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Health Educ Behav. 2015 Apr;42(1 Suppl):106S-114S. doi: 10.1177/1090198115570047.

Everyone Swims: a community partnership and policy approach to address health disparities in drowning and obesity.

Author information

1
Seattle Children's Hospital, Seattle, WA, USA sarah.stempski@seattlechildrens.org.
2
Seattle Children's Hospital, Seattle, WA, USA University of Washington, Seattle, WA, USA Odessa Brown Children's Clinic, Seattle, WA, USA.
3
University of Washington, Seattle, WA, USA Seattle Children's Research Institute, Seattle, WA, USA Harborview Pediatric Clinic, Seattle, WA, USA.
4
Seattle Children's Hospital, Seattle, WA, USA.
5
Environmental Health Services Division, Public Health, Seattle & King County, Seattle, WA, USA.

Abstract

Well-known disparities exist in rates of obesity and drowning, two public health priorities. Addressing these disparities by increasing access to safe swimming and water recreation may yield benefits for both obesity and injury prevention. Everyone Swims, a community partnership, brought community health clinics and water recreation organizations together to improve policies and systems that facilitated learning to swim and access to swimming and water recreation for low-income, diverse communities. Based in King County, Washington, Everyone Swims launched with Centers for Disease Control and Prevention grant funding from 2010 to 2012. This partnership led to multiple improvements in policies and systems: higher numbers of clinics screening for swimming ability, referrals from clinics to pools, more scholarship accessibility, and expansion of special swim programs. In building partnerships between community health/public health and community recreation organizations to develop systems that address user needs in low-income and culturally diverse communities, Everyone Swims represents a promising model of a structured partnership for systems and policy change to promote health and physical activity.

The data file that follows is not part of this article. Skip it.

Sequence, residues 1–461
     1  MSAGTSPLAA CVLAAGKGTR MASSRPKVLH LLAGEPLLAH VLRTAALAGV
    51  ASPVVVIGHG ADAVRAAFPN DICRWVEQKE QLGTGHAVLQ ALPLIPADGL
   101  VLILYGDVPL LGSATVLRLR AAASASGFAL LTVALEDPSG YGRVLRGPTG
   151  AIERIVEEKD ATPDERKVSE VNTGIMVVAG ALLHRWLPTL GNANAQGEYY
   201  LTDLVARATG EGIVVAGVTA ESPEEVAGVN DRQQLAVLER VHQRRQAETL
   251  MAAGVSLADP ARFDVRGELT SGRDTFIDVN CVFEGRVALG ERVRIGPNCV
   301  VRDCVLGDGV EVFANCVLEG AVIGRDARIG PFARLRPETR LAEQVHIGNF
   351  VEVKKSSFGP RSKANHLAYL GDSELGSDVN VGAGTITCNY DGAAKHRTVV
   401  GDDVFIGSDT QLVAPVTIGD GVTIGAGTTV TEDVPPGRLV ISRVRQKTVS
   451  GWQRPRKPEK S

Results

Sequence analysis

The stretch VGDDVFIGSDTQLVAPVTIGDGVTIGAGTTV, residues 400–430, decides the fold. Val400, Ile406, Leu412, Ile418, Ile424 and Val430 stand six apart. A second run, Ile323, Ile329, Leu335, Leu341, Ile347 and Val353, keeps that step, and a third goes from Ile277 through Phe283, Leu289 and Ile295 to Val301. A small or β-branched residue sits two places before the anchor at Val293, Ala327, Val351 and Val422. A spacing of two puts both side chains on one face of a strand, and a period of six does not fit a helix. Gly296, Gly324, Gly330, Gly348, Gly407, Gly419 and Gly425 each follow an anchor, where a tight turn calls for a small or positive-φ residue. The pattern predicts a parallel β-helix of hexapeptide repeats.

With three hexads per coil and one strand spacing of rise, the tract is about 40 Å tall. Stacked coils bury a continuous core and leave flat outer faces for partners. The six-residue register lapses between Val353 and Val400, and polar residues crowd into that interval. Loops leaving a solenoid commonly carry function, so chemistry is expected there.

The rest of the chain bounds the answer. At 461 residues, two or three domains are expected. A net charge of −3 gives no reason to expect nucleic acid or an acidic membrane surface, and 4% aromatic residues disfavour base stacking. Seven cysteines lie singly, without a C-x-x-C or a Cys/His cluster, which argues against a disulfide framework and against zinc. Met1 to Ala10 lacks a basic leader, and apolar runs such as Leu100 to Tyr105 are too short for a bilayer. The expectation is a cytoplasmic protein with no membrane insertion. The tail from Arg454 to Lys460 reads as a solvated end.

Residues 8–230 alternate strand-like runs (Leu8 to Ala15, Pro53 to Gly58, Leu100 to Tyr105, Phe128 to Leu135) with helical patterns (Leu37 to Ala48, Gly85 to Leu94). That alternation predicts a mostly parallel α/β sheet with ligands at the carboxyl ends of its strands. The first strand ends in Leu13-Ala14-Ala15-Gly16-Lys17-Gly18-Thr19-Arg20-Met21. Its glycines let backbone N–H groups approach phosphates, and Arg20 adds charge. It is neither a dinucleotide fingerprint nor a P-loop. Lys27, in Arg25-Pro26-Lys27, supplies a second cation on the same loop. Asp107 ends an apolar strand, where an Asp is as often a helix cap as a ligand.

KEYWORDS:

community-based partnerships; disparities; drowning prevention; obesity prevention; swimming

PMID:
25829109
DOI:
10.1177/1090198115570047
[Indexed for MEDLINE]

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